The PIGB will also give ownership of any petroleum-related discovery or mining to Nigerians, whether it is found onshore or offshore. The Revenue-sharing laws and other provisions like the Host Community Fund, all stated under the Bill, will guarantee this.
Safety and protection laws in the energy industry have also been revised and updated for the welfare of the people. Much of the terror and danger posed by militants in the Niger Delta are hoped to be addressed and effectively minimized.
While threats from the terror groups are yet to be fully resolved, it is hoped that the Bill will at least open the way for greater protection of those in the energy industries.
Philanthropists Empowering their Fellow Citizens
Despite the glaring economic divide in Nigerian society, there are several affluent individuals of Nigerian descent who are coming up with ways to give back to their homeland, and help empower the people less fortunate than themselves. Philanthropy is not yet dead, and the Nigerian economy is benefitting from the initiatives of certain Nigerian billionaires.
The Aiteo group is one of Africa’s fastest expanding energy industries and their environment-friendly initiatives and means of operation are already revolutionizing the Nigerian (as well as larger African) oil and other energy-related industry.
Their CEO Benedict Peters (who has a net worth of over $ 2.7 billion) hopes to put back Nigeria on the global arena of energy. Under Peters’s leadership, the company has garnered billions’ worth of foreign investments, while also enabling the skill-development of local personnel and other domestic resources.
Peters has also supported other national charities towards the betterment of sanitation, health and the provision of basic amenities like safe water – for his fellow citizens.
Aiteo has also been in the news for its embrace of microgrid solutions and alternative energy. In Peters’ mind, much of the country will remain without access to major grid infrastructure. To resolve this, Aiteo has aggressively backed projects and solutions that create microgrids and help most citizens in Nigeria get energy without requiring gas or oil.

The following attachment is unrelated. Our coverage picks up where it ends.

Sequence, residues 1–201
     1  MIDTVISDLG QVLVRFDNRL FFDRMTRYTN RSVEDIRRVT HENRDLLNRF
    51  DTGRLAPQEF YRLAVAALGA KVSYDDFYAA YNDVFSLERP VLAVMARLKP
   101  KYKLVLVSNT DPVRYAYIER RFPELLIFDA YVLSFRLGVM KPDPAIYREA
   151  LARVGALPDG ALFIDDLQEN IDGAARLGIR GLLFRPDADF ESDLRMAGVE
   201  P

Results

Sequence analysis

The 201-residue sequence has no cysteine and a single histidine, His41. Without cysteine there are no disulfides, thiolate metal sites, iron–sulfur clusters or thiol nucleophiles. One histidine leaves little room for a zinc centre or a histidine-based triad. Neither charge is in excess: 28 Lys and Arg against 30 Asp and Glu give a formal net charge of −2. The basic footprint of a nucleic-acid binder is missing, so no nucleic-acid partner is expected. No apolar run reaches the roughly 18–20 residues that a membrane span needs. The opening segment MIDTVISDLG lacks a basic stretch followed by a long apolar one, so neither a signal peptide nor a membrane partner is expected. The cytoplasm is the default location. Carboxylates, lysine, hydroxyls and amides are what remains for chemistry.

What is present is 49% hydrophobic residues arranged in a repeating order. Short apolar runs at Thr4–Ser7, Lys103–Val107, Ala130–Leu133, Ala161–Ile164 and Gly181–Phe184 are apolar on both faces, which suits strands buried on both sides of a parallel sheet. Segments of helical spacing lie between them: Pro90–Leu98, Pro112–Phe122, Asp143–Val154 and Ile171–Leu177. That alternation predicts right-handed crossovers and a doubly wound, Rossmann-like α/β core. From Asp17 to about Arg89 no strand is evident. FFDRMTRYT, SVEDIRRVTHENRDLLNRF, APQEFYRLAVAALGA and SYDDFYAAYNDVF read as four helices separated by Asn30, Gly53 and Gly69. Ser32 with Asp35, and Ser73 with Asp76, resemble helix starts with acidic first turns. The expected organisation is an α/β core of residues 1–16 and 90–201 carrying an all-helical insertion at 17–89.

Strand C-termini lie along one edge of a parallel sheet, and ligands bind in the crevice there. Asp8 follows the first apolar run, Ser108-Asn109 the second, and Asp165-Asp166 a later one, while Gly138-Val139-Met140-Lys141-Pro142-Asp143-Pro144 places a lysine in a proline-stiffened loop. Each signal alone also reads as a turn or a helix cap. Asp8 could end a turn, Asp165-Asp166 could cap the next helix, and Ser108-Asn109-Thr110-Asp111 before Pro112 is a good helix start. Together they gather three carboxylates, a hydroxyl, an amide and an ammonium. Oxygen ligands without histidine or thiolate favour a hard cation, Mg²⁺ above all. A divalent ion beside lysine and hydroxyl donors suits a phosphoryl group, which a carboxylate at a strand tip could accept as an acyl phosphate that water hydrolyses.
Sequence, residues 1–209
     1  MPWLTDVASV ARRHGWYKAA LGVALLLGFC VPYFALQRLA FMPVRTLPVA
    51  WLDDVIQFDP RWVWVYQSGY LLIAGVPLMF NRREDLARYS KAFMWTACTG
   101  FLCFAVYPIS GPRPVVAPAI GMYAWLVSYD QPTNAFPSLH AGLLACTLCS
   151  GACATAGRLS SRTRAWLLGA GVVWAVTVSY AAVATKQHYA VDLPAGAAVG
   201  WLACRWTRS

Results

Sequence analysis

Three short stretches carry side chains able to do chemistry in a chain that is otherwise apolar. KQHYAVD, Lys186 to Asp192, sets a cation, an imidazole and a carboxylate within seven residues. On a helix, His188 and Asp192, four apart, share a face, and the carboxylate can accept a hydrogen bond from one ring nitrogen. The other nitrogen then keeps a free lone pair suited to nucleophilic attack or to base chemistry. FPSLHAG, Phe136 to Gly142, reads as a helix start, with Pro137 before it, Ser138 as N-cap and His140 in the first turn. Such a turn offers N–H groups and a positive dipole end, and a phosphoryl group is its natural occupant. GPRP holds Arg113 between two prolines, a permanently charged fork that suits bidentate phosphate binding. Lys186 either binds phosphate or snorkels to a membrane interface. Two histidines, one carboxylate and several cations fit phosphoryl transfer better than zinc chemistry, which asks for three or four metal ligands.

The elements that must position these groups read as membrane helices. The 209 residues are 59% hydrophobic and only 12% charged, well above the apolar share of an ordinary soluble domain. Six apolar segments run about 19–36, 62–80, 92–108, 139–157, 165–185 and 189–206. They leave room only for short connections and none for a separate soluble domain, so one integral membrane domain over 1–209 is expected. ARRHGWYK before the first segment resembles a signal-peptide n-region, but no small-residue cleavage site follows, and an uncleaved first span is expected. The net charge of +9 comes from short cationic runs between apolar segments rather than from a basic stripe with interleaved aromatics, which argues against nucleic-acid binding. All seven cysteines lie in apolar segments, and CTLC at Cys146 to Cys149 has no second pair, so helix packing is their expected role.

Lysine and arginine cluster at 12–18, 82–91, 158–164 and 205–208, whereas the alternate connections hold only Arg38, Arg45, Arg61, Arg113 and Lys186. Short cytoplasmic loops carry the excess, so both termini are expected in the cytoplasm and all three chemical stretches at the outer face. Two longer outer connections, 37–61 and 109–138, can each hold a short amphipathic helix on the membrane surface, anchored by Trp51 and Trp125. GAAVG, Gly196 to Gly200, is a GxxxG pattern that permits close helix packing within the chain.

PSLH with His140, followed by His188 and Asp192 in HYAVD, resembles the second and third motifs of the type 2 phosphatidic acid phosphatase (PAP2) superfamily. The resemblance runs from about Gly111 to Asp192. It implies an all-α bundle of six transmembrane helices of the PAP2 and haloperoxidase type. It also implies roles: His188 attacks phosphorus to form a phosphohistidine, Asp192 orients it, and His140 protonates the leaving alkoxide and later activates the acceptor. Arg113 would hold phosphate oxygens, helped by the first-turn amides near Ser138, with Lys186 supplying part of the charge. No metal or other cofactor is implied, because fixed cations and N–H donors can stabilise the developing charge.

Other notable Nigerian philanthropists include Folorunsho Alakija of Famfa Oil, whose charity foundation has focused primarily on widows and orphans, and facilitated their empowerment by providing educational as well as legal help to those in need; Aliko Dangote, is another such individual whose industrial group has given educational provisions to scores of Nigerians and other West Africans.
Thus, despite the murky history of blows that the energy has suffered, it is commendable that the government and powerful Nigerian individuals alike are helping boost the industry and the Nigerian people.
There is a potential to further boost oil production in the country, once investments and regulations in place increase and enable the industry, respectively. The gas and other petroleum industries, besides oil, are also expected to increase over time. Perhaps now, Nigeria can finally march ahead into the future of the global energy industry. The turbulent past has given pertinent lessons, and Nigeria has learnt and developed from them.
DepositPhotos: African Oil Image Credit